Author And Entrepreneur Joe Sugarman, Known For Founding BluBlocker Sunglasses, Passes Away at 83

Joe Sugarman, the entrepreneur known for his company BluBlocker Sunglasses, has died aged 83. Sugarman's story is considered as an inspiration for budding entrepreneurs and small business owners.

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Joe Sugarman, the entrepreneur known for his company BluBlocker Sunglasses, has died aged 83. Sugarman's story is considered as an inspiration for budding entrepreneurs and small business owners.

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Sugarman had to leave his electrical engineering degree midway when drafted by the army in 1962. He went on to serve three years in Germany, serving first with army intelligence and then with the CIA. It was when he returned to Illinois that he dove into entrepreneurship with a small company that marketed Austrian ski lift in America.

Then in 1971 he founded JS&A, via which he operated from his family's basement selling electronics. Its success is associated to his marketing genius and perceptiveness towards customer service. Even in the books he wrote, Sugarman spoke about the importance of knowing your customers likes and dislikes and keeping in tune with what was of interest to them. As stated in the press statement about his passing:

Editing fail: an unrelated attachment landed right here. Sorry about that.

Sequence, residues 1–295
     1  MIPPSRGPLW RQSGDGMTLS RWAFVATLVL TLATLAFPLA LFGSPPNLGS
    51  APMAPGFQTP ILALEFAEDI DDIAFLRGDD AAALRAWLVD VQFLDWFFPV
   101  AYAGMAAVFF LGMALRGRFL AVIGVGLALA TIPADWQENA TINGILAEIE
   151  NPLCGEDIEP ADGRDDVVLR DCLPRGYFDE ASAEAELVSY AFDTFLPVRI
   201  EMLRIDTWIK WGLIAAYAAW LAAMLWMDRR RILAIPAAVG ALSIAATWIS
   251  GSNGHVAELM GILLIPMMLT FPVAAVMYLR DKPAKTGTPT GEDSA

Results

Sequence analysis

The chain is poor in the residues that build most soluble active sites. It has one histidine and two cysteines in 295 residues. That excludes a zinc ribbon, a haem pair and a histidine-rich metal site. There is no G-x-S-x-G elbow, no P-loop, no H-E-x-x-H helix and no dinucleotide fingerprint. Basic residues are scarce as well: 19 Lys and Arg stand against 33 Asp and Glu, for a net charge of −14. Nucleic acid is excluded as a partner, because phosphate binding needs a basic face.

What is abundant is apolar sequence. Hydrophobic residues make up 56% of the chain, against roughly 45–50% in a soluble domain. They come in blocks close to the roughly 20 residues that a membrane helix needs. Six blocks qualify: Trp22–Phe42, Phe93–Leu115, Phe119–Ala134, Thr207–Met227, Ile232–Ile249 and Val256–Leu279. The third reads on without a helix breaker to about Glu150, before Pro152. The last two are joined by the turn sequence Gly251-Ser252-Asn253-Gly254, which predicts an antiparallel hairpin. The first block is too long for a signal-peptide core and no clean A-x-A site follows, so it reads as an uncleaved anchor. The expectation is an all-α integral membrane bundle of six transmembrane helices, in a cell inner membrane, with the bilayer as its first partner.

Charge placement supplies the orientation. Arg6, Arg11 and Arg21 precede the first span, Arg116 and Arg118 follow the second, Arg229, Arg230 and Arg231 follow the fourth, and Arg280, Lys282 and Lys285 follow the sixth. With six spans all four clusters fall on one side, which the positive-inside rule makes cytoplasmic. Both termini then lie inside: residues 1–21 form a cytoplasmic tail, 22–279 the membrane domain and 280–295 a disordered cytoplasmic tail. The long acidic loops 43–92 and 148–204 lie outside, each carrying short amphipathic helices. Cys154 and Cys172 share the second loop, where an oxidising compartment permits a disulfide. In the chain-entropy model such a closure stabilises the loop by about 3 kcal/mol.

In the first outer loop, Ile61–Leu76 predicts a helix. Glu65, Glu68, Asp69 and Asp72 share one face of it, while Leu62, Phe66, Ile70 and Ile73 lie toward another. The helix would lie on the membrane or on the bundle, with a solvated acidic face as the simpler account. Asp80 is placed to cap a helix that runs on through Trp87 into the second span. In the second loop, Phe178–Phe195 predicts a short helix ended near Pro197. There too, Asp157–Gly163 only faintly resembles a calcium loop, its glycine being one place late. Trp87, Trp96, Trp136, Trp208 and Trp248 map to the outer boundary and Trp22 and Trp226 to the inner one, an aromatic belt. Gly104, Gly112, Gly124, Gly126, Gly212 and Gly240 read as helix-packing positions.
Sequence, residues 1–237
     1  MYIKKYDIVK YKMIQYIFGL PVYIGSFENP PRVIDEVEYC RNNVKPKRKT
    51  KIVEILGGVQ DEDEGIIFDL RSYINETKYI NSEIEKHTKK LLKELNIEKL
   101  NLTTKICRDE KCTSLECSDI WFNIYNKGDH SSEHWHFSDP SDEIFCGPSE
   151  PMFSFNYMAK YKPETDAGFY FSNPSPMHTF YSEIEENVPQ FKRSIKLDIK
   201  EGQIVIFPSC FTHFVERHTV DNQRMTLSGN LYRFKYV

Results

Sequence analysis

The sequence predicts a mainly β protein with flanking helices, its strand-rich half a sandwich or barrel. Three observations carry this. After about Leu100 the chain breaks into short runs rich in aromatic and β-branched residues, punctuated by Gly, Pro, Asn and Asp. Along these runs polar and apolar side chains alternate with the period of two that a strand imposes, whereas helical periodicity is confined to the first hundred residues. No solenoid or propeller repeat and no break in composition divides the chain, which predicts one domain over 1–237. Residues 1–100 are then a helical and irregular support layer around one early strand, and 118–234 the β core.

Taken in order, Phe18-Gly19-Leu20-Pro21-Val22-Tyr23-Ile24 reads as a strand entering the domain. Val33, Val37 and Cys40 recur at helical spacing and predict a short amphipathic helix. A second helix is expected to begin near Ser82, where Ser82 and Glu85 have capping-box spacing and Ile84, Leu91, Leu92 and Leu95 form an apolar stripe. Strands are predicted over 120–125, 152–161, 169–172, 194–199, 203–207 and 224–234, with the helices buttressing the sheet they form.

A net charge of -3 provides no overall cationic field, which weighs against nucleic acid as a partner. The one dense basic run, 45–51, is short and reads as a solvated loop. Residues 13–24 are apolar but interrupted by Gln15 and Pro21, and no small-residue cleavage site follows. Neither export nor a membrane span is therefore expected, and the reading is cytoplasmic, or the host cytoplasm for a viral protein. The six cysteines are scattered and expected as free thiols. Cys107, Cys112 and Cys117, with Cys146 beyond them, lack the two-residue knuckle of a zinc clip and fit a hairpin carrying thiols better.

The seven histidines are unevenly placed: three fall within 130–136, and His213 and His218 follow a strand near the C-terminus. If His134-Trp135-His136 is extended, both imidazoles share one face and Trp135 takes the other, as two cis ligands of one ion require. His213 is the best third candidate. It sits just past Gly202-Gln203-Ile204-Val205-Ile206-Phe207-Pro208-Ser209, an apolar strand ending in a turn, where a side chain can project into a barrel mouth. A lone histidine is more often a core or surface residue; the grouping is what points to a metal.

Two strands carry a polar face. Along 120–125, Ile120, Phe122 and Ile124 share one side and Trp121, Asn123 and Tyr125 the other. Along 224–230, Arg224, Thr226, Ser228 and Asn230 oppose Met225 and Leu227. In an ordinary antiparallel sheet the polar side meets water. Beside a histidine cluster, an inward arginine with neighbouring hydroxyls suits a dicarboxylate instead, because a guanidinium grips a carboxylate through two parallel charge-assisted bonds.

"The company's [JS&A] success was credited to Joe's unique long-form copy approach to advertising and his priority towards customer service. In the early 80's, Joe held seminars at his vacation home in Minocqua, Wisconsin, teaching his advertising techniques to other rising businesses, including The Sharper Image and Victoria's Secret."

But the brand he came to be known for, BluBlocker Sunglasses, was founded in 1986. Through a highly successful infomercial, he made people aware about the dangers of blue light, which made the sunglasses a rage.

Like most entrepreneurs, he diversified into other businesses, launching The Maui Weekly newspaper in 1993. He also delivered lectures on marketing and advertising all over the world, authoring a total of seven books on marketing and advertising. His habit of infusing humour in-between his business lessons is what made so many of his books an enjoyable read.

However, he always stressed about the importance of learning from failure, admitting that he had failed more than he had succeeded.